Table 6 Expenditures for Short Term Medical Missions

No articles formally tabulated primary or secondary data on physician direct expenditures or opportunity costs. Pointedly, Crown conjectured that with a visiting non-surgical team’s costs “it would be possible to recruit, educate and retain a local doctor, nurse and support staff to man the same clinic for a year” implying that the trade-off for a five-day “feel-good” experience is unjustified [49].

Platform and local staff integration appear to be factors in mission cost. Arguments suggest that a single physician or small teams of surgeons utilizing local nursing and support staff, i.e., a “minimalist” approach, has a cost efficiency per procedure advantage over fully functional travelling teams [51, 52].

Reports are beginning to accumulate wherein activity based costs per disability affected life year saved (DALYS) methodology to assess cost effectiveness is applied [53]. Seminal reports of a one week orthopedic trauma surgery mission and a cleft lip/cleft palate mission asserted their cost effectiveness from both sending and receiving party perspectives [54, 72]. Using DALYS analysis, Gosselin found that cost-effectiveness of trauma surgery in planned STMMs was not favorable compared to disaster-related short-term excursions [55].

Spill-over effects: Diplomacy, national security and attitudes toward aid

In a chilling tale of perverse consequences in Afghanistan, Fowles’ 1989 editorial punctuated the potent effects that the mere presence of foreign medical teams might have politically [56]. Chiu (non-US) noted that 71.9 % of Taiwanese mission goers saw STMMs as a means to advance Taiwan’s foreign relations [37]. Gorney editorialized incisively on this concept in the context of a facial plastic surgery mission [57]. In describing the role of surgical volunteerism globally, Casey specifically examined survey data and diplomatic literature that supports the concept of medical diplomacy in the domain of counter-terrorism and evolving American security strategy [22] (Table 7). With the exception of Chiu’s survey results from Taiwanese volunteers, other direct connections between diplomatic concerns and STMMS are not forthcoming from the literature.

Table 7 Spill-over Effects – National Security

We discovered no articles that explicitly link STMMs to effects on the attitudes of physicians, their families or communities toward any kind of foreign aid or that focus on STMMs as meaningful foreign aid. Commentary on changes in attitudes was confined to other dimensions. For example, Van Tilburg reported a large majority of mission goers responding to a survey felt that their mission experience “broadened their views of the world” and would be willing to repeat the activity [58]. Campbell et al. discuss their own and other published survey results of surgical residents-in-training regarding the value of an overseas experience in the development of cross-cultural competency [59]. Results of a similar small survey published by Aziz et al. of trainees on cleft missions indicated an increase in “awareness of global healthcare” [60].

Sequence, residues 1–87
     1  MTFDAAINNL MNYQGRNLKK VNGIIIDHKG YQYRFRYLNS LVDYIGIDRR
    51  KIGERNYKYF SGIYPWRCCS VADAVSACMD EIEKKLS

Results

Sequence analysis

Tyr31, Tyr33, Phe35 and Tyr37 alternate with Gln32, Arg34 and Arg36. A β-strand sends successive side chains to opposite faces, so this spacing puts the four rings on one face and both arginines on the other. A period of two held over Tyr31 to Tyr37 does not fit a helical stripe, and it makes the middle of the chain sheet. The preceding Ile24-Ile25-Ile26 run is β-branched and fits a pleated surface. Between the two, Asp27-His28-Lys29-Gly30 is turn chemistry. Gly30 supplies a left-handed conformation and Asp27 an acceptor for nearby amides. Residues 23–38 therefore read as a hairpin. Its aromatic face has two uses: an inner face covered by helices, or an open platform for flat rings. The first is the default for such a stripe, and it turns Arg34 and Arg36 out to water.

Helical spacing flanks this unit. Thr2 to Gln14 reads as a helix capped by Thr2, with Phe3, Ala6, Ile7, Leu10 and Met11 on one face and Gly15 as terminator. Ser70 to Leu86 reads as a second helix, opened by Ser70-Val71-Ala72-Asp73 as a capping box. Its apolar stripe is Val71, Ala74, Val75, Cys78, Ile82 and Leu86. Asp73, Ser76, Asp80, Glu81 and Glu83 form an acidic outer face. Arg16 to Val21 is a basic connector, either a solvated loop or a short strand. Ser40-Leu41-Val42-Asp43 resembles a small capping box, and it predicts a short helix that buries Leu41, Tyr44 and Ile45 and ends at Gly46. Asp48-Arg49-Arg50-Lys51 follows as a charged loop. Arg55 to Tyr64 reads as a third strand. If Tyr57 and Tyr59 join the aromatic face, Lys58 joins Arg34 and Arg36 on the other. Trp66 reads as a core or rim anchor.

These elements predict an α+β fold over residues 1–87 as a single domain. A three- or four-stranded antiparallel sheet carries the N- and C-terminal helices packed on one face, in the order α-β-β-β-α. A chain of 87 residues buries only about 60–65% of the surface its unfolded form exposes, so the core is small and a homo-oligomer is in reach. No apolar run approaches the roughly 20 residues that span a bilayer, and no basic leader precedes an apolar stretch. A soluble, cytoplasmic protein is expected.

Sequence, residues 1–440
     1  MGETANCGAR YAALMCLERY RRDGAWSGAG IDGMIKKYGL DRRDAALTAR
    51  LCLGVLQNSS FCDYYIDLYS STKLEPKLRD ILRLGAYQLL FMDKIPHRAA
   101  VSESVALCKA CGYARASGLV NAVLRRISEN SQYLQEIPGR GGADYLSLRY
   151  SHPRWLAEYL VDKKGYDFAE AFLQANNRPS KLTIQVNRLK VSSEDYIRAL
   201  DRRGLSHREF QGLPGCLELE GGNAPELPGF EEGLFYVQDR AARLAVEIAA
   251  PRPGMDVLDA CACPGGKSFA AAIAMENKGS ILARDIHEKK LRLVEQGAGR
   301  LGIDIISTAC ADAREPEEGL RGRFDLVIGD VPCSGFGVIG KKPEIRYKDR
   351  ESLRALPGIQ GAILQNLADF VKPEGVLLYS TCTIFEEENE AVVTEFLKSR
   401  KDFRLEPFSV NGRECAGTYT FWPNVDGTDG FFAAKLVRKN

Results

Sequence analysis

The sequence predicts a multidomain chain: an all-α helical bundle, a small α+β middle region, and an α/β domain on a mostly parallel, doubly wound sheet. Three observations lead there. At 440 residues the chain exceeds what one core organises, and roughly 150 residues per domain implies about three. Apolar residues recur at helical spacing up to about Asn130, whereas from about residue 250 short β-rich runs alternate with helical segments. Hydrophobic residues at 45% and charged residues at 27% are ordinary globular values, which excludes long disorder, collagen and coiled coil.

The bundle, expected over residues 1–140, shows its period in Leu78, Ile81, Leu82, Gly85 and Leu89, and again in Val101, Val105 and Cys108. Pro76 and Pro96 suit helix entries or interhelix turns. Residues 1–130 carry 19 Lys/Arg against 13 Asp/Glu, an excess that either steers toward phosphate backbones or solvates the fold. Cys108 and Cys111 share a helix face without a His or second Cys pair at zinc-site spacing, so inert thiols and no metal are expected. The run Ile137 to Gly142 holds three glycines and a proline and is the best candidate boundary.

Martiniuk et al. identified the USA as the largest among the four leading sending countries for STMMs, ahead of Canada, United Kingdom and Australia [3]. We extended our literature retrospective beyond the reviews of Martiniuk (25 years) and Sykes (20 years) with the objective of capturing any existing seminal publications from near the origins of US hegemony and subsequent trends in the praxis. Whereas Kickbusch pointed to the need to examine US hegemony in global public health in 2002 [61], we found no indication from literature that US hegemony is correlated with the greater representation of US physicians in STMMs. Our review does indicate that the most impactful articles of the last 64 years on guidelines, and hence on the effort to improve quality of volunteer short-term medical missions, have been published in the current millennium, preceded almost exclusively by descriptive articles of a reflective nature. This has coincided with the increase in attention to, scrutiny of and physician participation in STMMs. While most published articles are rejected from this and previous systematic reviews for lack of objective or quantitative contribution, the hundreds of articles regarding STMMs that constitute reflections or productivity reports in print, whether in high or low impact, refereed or non-refereed journals, indicate a palpable affinity among editors and medical readership concerning this activity [3, 5]. The attribution that these missions are charitable and altruistic and thereby valid in their own right may interfere with the inclination for data collection and objective analysis [62].

It is notable therefore that professionalization remains limited. As industries, movements and enterprises rise and eventually obsolesce, one measure of viability and vitality is the evidence of guilds or associations. Participants in professions and stable industries cooperate in such collectives formally to share new ideas, scientific advancements and formulate principles and credentialing by means of repeating focused congresses and journals for the benefit of both participants and society [63]. STMM participation is indeed not a remunerative activity. The licensed professionals who participate may already endure substantial national, local and specialty regulation in addition to peer pressure to join, participate in the congresses of and pay dues to perhaps multiple organizations. We therefore intuit that the non-monetary rewards sought and accumulated through STMM activity may be made even more attractive because of the absence from layers of regulation, credentialing and formality.